Contest and Concession

Sometimes you win, sometimes you lose. And sometimes you win by giving up the fight. Contest and concession are a part of our human experience, whether the prize is the White House, public opinion o

Sometimes you win, sometimes you lose. And sometimes you win by giving up the fight. Contest and concession are a part of our human experience, whether the prize is the White House, public opinion or even the bedroom.

People can put up a great fight trying to avoid the inevitable. This can be a good thing, an optimistic belief that, if they just hang in there a little bit longer, things will surely work out their way. Such belief is necessary for activists in the area of social justice. Otherwise, it would be impossible for any social progression to happen at all. Environmentalists vs. globalization. Or gays in Cincinnati vs. the language of "special rights." Sometimes you've got to fight until the bitter end.

The world would be a very dull place indeed if everybody followed what is often mistakenly referred to as "conventional wisdom."

Other times such optimism only makes true believers look like fools. They lose their objectivity, their ability to see the effects of their actions. As a result, they appear detached from reality, and we describe them as "in denial." Al Gore vs. George W. Or my own attempts a few years ago to land a reluctant lover. We can easily give up what's in our own best interests when seduced by mistaken beliefs that our perseverance will eventually pay off. The quixotic hero has a certain romantic, chivalric charm, but his quest is pure illusion. He almost always ends up in worse shape when it's over.

The tough part is to know when it's over, and if you've quit the struggle in time to save your own dignity. In my case, I didn't. Nothing blinds us from reality like love. That's why I identify with poor Al Gore. I was simply in love with the idea of being in love, much the same way the vice president is in love with the idea of being elected president; it was a condition that just didn't exist. In Gore's case, he may very well have been elected president. But as in a Bronte sisters' novel, politics, law, fortune and the calendar have all conspired so that none of us will know the truth until sometime in the middle of the Bush administration. It's a truly tragic tearjerker — not so much Wuthering Heights as Dithering Depths.

In the meantime our hero relentlessly pursues his quest, galloping through the courts, tilting at windmills. With each charge, his future credibility is eroded. Gore needs to follow that age-old advice for the lovelorn: Let it go. If it's yours, it will come to you. If it doesn't, it was never yours to begin with. And he might have to wait another four years to find out.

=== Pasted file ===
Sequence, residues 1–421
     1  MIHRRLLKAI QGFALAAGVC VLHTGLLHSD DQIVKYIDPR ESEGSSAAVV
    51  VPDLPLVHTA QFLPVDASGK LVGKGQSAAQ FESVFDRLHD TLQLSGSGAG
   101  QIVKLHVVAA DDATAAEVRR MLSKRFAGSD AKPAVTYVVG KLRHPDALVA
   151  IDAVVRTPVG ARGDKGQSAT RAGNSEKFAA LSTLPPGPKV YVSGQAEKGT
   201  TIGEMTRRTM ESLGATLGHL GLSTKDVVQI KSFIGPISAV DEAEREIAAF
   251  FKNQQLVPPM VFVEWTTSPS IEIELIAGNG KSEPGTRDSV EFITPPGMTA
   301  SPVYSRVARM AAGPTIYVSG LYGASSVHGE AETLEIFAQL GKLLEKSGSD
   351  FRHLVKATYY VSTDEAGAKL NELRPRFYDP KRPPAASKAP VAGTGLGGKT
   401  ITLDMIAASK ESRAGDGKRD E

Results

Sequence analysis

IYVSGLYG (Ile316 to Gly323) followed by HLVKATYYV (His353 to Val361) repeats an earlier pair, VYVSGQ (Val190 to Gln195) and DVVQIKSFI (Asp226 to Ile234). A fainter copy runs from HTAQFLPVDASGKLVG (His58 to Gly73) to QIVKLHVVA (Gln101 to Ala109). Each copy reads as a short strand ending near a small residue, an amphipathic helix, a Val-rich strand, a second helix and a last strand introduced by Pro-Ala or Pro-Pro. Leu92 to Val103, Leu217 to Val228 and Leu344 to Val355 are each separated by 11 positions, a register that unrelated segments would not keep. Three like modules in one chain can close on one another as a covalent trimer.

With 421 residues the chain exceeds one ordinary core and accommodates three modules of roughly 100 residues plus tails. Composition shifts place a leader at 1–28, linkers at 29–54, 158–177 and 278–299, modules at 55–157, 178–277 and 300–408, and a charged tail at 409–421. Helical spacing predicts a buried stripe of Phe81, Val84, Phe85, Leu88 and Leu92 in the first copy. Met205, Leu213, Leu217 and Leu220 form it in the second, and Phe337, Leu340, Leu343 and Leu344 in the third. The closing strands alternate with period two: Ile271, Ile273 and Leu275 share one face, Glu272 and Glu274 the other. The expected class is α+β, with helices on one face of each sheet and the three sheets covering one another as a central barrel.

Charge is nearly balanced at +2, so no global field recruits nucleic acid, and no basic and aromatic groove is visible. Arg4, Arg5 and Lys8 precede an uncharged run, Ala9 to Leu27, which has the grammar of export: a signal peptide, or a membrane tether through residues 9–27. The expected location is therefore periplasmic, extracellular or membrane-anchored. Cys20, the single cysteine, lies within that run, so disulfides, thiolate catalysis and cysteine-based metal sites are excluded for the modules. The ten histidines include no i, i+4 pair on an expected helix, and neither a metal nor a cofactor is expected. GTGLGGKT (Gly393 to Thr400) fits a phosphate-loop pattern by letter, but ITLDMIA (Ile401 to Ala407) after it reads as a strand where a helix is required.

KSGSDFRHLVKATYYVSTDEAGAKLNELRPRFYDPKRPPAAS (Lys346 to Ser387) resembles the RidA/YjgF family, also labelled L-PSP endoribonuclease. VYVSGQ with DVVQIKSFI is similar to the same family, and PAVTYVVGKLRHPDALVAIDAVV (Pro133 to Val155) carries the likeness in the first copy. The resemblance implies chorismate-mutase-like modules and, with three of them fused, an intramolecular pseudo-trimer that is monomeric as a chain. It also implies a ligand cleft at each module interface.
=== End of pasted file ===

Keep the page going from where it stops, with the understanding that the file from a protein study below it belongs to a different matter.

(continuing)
Although it's tough to give up control, sometimes that's how you win in the end. If Gore has not already poisoned his well in the public mind, he could ask for no better situation than for a panel of ballot bean-counters to reveal, sometime after the inauguration, that it was he, not Bush, America had chosen. Such a scenario would instantly catapult Gore to a stature of super-statesman, from which heights he could dictate terms and issues for the race in '04.

But he may have already lost his chance to gain such moral authority, with the failure of his repeated contests. If the public perceives him as in denial, he will end up nothing more than a caricature of himself, much like the populist he called to mind in his convention address, the thrice-failed Democratic contender William Jennings Bryan. We quickly tire of paramours who don't know when to quit.

This is a lesson I had to learn the hard way. But now I find myself in a charming little romance where my own willingness to play it cool has put me in the driver's seat. And the lover in question, after initially asserting dominance, has now conceded himself as enthusiastically submissive. He says, "It might sound funny, but I feel like I'm losing all these inhibitions and tearing down all these walls."

And that's exactly what he's doing. He's learning that real power doesn't have to be fought for, but exercised with grace, and those who strive the hardest for control are only demonstrating how little control they have.

Like the army of lawyers in Florida and Washington, the terms of engagement for me and my squeeze are undefined. We make it up as we go along. And we don't fight over politics. The biggest contest the two of us have is over the amount of hair on his ass. He wants to shave it, while I prefer the status quo. The "conventional wisdom" and dictates of fashion may be on his side, while I feel the intention of nature is on mine. I will continue my appeals for a time, and hope that he'll withhold the blade until spring, or until he gets tired of me, whichever comes first. I'm certain that when presented with the evidence, any judge would rule in my favor. But my wishing for such an outcome will not necessarily make it so.

My man made his concession, and he is quite happy with the result. My own concession is undoubtedly in the works. Now if only Gore would make his. It's tough to give it up to another man, but the benefits might surprise you.


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